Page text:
Spey outfit not balanced?

Discussion in 'Salmonfly.net' started by mflytier331, Mar 15, 2007.

  1. I bought a Sage VT2 8wt rod and a Lamson 4 reel with a Rio Windcutter 8.9,10 line. I cast it for the first time today and when I went to balance it on my fingertip the front end would fall foward even with my finger on the uppermost part of the cork. In other words the cork on the rod would have to be about 2 inches longer or I would have to get a heavier reel to balance the rod on my fingertip. How critical is this to be balanced, especially over a few days of fishing. I have tendonitis in both arms and it seems like it would not help me if the rod is not correctly balanced. Is this reason enough to take the outfit back to the shop where I bought it?
  2. No, for me balance might be important for a single hander, but a two handed rod with two different fulcrums doesn't make sense. Sounds like your getting too much into the detail and not enough fishing. I'm sure some guys will debate this, but that's America.
  3. Yes, absolutely! If you listen to Simon Gawesworth do his spiel on speycasting, he emphasizes that you do the least amount of work when your upper hand is at the fulcrum (balance point) and progressively more work as it moves away from that point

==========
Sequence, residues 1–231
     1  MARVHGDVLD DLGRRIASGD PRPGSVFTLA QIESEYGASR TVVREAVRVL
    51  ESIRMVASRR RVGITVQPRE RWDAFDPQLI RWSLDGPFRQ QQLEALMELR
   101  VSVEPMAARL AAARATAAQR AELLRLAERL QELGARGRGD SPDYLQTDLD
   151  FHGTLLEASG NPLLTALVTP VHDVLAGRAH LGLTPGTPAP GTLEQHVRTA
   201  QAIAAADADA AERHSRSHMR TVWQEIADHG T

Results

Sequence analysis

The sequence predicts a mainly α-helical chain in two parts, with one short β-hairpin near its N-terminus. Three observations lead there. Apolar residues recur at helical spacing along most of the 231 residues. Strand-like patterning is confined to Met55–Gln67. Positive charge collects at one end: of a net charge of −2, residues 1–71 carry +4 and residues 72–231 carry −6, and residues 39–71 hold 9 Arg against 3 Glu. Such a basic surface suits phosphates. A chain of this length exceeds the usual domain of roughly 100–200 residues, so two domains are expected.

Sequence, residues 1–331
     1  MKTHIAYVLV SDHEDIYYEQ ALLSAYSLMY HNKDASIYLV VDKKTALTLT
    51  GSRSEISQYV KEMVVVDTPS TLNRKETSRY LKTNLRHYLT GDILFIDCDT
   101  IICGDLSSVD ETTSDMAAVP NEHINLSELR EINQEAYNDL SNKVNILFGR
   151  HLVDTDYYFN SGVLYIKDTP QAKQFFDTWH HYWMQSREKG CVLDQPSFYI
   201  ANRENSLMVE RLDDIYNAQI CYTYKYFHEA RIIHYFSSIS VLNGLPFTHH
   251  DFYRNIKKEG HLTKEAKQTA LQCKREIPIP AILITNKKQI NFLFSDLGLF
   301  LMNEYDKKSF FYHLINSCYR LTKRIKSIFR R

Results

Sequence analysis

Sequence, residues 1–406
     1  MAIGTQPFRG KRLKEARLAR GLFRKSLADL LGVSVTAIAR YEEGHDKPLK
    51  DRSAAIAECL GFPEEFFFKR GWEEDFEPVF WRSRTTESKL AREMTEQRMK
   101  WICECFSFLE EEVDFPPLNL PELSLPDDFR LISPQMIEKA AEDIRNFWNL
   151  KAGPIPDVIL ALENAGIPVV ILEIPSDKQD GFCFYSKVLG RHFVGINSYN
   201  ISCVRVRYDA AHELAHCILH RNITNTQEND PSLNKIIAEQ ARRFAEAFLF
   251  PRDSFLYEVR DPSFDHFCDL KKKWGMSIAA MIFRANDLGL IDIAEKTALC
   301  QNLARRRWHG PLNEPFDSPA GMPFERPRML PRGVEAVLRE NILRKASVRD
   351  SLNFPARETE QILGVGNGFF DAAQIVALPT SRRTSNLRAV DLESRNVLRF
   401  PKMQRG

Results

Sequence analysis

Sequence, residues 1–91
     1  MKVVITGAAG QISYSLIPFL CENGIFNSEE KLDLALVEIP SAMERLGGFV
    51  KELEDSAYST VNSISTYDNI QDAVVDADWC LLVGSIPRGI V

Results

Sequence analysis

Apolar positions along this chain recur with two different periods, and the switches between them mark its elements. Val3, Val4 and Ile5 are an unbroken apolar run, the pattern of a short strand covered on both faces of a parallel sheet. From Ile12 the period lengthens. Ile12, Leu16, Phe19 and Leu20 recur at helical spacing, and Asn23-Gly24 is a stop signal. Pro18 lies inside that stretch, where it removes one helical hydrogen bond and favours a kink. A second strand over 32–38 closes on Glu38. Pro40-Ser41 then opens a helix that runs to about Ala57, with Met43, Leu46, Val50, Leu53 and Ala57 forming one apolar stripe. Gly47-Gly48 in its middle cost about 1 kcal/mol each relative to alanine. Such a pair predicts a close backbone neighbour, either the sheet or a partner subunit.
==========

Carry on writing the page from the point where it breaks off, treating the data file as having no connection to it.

He demonstrates by showing how easy it is, even with a only one hand casting a 14' rod, when your hand is at that point.

    The other issue is fatigue - gripping at the balance point will reduce fatigue on your wrist and forearm as your fly swings down and across.

    It's a major consideration for me, and becomes progressively more the longer/heavier the rod is. Try casting/fishing a correctly balanced rod and you'll see for yourself.

    As to "what to do"? If it were me, if you like the rod I'd first see if you can find a heavier reel to balance it before giving up on the whole thing.

    Just my .02,

  4. I have his tapes and book, even had him sign it. Never did listen to him though. Then again, I'm kinda out there on my own...not listening to anyone...coming up with my own way...a loner...empty catch card...poor pitiful me. But Brian sounds like he is right.
  5. Brian hit the one that I figured out the hard way. The balance of the rod through the swing is important. I've fished all day with an unbalanced rod. At the end of a long day, my wrist and forearm were killing me.

  6. Maybe I just got lucky and most of the rods I use have heavy old Reddington 13/14 reels. And hand placement may be marginally different between rods to compensate. I've never had sore wrists and forearms.
  7. I wouldn't worry about it a whole lot. If it bothers you then hold it up on the blank or let the tip sit on the water during the swing. Another option would be to buy a 3 3/4 perfect.:D
  8. Or add some leadcore to the arbor of the Lamson .

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